In its most recent issue, Christianity Today examines the growth of classical Christian education, featuring professor Louis Markos — a frequent speaker at ACCS conferences, author and contributor to The Classical Difference, and long-time supporter for classical Christian Education. (Note: There is a paywall on this article).
In contrast to modern Universities, Markos remarks on the eagerness school’s have to study the great texts of Western Civilization–Chaucer, Milton, Dante, and the Greeks.
Markos writes that, just as an unlikely group of Irish monks felt called to preserve the ancient texts through the Dark Ages of learning, so too are evangelical’s moving up to preserve the books of the Western tradition. In their times, both groups have seemed very unlikely. But here we are.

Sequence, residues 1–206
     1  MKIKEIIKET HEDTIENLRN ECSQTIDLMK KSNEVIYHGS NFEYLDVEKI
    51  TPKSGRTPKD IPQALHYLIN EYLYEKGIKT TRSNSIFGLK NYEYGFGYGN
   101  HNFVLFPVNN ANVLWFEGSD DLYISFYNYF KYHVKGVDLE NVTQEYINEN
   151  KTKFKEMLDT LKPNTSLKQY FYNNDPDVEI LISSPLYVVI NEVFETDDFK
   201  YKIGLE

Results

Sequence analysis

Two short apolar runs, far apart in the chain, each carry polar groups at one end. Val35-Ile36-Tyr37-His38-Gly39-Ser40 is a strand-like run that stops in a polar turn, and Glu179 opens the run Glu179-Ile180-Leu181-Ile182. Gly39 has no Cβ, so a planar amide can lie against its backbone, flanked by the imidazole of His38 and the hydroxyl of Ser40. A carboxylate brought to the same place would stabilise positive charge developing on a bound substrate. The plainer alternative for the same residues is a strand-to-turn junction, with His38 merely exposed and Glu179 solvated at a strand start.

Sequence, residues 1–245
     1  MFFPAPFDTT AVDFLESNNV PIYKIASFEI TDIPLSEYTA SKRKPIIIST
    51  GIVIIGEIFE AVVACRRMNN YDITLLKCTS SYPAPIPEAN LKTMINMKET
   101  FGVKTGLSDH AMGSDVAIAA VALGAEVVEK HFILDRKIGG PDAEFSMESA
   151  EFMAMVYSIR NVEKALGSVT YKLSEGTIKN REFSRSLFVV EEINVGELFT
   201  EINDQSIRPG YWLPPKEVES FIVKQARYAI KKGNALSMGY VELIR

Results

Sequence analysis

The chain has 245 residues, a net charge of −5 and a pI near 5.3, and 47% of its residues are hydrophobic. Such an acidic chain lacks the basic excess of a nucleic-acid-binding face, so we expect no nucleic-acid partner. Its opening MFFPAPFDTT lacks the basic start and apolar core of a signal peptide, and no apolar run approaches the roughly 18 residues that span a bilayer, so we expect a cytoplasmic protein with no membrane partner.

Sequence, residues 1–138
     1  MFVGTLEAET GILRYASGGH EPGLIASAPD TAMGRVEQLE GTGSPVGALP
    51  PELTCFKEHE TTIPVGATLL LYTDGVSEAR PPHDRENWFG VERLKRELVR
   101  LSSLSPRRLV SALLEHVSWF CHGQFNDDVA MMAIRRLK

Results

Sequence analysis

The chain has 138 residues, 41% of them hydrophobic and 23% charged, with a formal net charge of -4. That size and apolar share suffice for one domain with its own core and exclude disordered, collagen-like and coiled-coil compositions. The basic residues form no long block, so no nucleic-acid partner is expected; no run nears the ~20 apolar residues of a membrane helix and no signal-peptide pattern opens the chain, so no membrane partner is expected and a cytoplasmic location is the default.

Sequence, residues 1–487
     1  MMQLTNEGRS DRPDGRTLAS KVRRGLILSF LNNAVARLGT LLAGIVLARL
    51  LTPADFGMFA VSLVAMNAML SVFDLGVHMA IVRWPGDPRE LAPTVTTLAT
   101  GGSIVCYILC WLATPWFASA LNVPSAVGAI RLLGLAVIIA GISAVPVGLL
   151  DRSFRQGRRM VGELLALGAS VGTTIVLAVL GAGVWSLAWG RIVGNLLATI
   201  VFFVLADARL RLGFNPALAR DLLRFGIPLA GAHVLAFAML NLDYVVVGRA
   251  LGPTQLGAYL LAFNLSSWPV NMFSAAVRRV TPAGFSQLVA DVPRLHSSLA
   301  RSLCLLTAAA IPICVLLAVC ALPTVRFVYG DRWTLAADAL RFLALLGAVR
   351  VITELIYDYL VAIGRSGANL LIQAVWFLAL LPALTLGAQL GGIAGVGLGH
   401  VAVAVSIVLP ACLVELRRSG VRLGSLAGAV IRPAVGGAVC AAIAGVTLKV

ACCS In Other News
It’s been a big week for classical Christian education. ACCS President, David Goodwin, is featured on The Federalist website, responding to the claim that classical education is not impossible to revive in modern life.
“The engine of classical education is not Latin or Greek, or even Mortimer Adler’s “Great Ideas.” It begins with one idea—what the Greeks called “telos,” or an ultimate purpose. From this educational purpose flows a river of culture that carves its own path, even through the shifting sands of modernity.”
Classical Christian education may not be re-creating the past. But as Louis Markos reminds us, it is preserving elements of the past–Aristotle’s Telos, the Great Texts, the Medieval thinkers–as we move into an uncertain future. Especially in our schools.